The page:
COVID-19 testing centres here to stay despite low case counts

Despite the drop in case numbers, access to COVID-19 testing centres will likely continue through the summer and could ramp up in September, according to the people behind Ottawa's testing strategy. 

More people getting tested since Ontario entered second stage of reopening

Melanie Donnelly is a health-care worker testing children for COVID-19 at Ottawa's Brewer Arena. (Jean Delisle/CBC)

Despite a drop in the number of Ottawa residents testing positive for COVID-19, testing centres will likely remain open through the summer and could ramp up by September, according to organizers of Ottawa's testing task force.

"I think that we have to not kid ourselves that there isn't still this potential risk," said Dr. Ken Farion, the operations lead on the team behind Ottawa's testing strategy.

Farion, who is also an emergency physician at CHEO, eastern Ontario's children's hospital in Ottawa, said while there's clearly "light at the end of the tunnel," there remain concerns about spread of the delta variant.

The main issue is the number of people who have not been fully vaccinated or choose not to be vaccinated, leaving the potential for outbreaks, he said.

"It can smolder and then flare up at anytime. So this is a risk and we have to learn how to manage that risk," said Farion.

Dr. Ken Farion, an emergency room doctor at CHEO, is also the operations lead on the Ottawa COVID-19 Testing Taskforce. (Jean Delisle/CBC)

Ottawa's testing task force manages five assessment centres for testing, including a site at the Brewer Park arena for those younger than 18. There is also testing available at three community health centres and a pop-up site at the Vanier Community Service Centre.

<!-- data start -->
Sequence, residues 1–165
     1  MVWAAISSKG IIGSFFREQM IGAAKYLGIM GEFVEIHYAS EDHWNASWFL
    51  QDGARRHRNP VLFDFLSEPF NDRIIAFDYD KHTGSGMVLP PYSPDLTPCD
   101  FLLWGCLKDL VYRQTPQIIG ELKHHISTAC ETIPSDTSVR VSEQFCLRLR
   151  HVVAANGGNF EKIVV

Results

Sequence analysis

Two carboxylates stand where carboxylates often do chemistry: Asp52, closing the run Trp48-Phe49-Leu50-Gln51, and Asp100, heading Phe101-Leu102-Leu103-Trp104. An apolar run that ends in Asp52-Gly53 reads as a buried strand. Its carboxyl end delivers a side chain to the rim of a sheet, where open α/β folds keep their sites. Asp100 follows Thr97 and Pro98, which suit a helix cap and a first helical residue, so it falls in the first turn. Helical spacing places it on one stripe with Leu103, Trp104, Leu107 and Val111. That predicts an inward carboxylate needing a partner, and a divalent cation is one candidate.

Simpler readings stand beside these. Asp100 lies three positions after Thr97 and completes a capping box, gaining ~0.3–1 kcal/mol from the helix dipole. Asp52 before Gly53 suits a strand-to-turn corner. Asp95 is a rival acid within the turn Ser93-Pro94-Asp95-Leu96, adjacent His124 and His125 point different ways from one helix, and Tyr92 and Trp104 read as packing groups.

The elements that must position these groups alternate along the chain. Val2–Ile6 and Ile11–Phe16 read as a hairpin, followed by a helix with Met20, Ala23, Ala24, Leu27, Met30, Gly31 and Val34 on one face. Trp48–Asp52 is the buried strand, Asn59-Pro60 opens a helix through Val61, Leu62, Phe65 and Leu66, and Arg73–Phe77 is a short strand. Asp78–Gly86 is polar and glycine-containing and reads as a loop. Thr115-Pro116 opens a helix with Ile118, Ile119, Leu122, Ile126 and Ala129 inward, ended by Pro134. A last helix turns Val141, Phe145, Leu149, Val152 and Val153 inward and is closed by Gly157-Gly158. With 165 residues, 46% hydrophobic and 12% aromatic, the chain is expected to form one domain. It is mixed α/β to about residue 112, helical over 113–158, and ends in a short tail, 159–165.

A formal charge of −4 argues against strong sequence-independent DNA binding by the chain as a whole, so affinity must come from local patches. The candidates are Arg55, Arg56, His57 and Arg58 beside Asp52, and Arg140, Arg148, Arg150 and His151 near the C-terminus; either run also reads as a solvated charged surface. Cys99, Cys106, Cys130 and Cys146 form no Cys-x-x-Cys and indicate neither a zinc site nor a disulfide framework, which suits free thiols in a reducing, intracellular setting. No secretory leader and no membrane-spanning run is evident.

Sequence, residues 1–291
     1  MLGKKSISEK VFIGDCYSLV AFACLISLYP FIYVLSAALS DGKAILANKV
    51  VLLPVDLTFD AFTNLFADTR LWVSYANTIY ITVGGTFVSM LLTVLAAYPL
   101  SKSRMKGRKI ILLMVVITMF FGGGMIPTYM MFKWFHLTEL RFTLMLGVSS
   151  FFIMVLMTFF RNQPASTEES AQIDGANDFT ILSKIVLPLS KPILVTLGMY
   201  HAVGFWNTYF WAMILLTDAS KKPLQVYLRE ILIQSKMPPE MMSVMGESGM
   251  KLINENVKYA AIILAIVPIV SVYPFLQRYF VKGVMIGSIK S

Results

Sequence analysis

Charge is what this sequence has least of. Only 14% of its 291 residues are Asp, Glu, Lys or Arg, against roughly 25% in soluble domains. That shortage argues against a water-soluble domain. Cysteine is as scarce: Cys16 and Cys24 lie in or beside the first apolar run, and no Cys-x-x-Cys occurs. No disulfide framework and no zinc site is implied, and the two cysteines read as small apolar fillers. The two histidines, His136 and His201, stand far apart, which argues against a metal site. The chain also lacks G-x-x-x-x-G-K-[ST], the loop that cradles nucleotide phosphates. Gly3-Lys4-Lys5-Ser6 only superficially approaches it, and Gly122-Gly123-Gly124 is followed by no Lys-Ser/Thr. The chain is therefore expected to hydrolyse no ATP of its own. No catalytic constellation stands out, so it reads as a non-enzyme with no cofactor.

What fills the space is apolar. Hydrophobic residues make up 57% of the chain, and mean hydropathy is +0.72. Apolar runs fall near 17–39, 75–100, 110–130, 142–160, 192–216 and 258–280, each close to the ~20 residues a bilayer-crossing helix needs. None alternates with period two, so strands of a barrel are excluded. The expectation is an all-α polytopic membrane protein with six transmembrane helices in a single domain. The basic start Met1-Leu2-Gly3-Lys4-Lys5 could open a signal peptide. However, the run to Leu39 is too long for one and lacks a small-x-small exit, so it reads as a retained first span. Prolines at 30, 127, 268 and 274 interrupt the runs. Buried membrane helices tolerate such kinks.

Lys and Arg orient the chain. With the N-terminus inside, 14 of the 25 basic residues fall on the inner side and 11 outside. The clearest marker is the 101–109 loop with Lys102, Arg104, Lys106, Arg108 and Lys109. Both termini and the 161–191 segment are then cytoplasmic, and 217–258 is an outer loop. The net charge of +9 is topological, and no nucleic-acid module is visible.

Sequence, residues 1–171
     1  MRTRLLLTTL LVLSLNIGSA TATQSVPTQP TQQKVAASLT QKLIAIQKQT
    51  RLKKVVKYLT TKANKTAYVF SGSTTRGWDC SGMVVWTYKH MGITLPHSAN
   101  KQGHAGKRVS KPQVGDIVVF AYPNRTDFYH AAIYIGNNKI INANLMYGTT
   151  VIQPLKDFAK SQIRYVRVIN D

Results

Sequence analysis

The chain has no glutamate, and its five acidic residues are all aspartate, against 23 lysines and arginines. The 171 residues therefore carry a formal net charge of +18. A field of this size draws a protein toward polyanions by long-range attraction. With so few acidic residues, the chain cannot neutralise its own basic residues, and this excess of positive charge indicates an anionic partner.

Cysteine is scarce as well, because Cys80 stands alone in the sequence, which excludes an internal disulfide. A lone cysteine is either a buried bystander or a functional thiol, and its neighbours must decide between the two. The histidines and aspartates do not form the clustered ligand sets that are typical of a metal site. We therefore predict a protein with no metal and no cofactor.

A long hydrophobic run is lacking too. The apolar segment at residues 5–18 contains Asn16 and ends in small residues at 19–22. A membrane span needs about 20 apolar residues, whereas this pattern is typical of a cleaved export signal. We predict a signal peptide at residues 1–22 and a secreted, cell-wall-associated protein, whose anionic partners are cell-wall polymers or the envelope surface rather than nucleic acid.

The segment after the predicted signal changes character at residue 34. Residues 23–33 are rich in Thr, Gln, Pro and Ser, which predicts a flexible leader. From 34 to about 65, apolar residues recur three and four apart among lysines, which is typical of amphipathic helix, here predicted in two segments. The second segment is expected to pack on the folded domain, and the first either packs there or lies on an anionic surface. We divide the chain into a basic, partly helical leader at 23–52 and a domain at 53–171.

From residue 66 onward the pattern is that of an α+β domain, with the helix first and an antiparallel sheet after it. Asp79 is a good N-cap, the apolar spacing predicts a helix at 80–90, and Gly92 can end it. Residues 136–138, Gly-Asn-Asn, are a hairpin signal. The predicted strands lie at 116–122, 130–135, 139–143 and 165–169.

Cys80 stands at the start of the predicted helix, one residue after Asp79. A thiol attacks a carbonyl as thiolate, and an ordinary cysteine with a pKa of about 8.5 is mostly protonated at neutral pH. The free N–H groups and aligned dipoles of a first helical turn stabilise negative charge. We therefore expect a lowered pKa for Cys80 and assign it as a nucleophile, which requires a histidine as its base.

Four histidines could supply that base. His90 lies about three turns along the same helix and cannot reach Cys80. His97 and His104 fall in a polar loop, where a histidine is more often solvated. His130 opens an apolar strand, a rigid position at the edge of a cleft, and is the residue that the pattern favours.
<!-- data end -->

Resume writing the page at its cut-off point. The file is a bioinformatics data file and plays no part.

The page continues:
Assessment centres also accept appointments for those seeking required tests for travel, but the patient needs to pay for that test.

The number of daily tests in Ottawa reached an all-time high on April 14 with close to 4,000 swabs sent to labs for analysis. By June, the number of tests dipped to below 1,000 per day with frequent days below 700.

Farion said the combination of the lockdown, the closure of schools, plus an increase in vaccinations likely led to lower testing numbers, but test totals have inched back up since Ontario entered the second stage of reopening two weeks ago. 

On Monday, there were 1,017 swabs processed from Ottawa testing centres, according to the task force.

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Access to testing needed

Dr. Farion said positive case numbers have not increased, but the need for testing could continue to surpass 1,000 a day as more people return to work and children get involved in activities like camp, which forces anyone with symptoms to get tested as part of COVID-19 protocols. 

Amber McOuatt says she is happy to see access to testing remain available. She has brought her five-year-old son for four tests during the pandemic.

"That way if we need to test our children, we can book them the same day," said McOuatt, whose son needed a negative test result to attend a special day-school.

Amber McOuatt and her son Silas, 5, have been to the testing centre four times since the pandemic began. (Jean Delisle/CBC)

The province ultimately pays the costs associated with testing, but most of the staff come from Ottawa hospitals. The pressure has begun to build to repatriate health-care workers to help alleviate the pandemic backlog in patient-care demands.

Farion says the city remains committed to offer as many as 1,600 tests a day with no change anticipated while testing needs remain above a thousand a day.  

"If [community] demand drops ... we'll look to further decrease that capacity."

Organizers expect an increase in testing demand as children get set to return to in-person learning, but there are many unknowns, according to Farion, such as which symptoms force children to be tested, and whether those who are fully vaccinated will require a test at all.

Donnelly hands a family member the information needed to receive the result of a COVID-19 test. (Jean Delisle/CBC)


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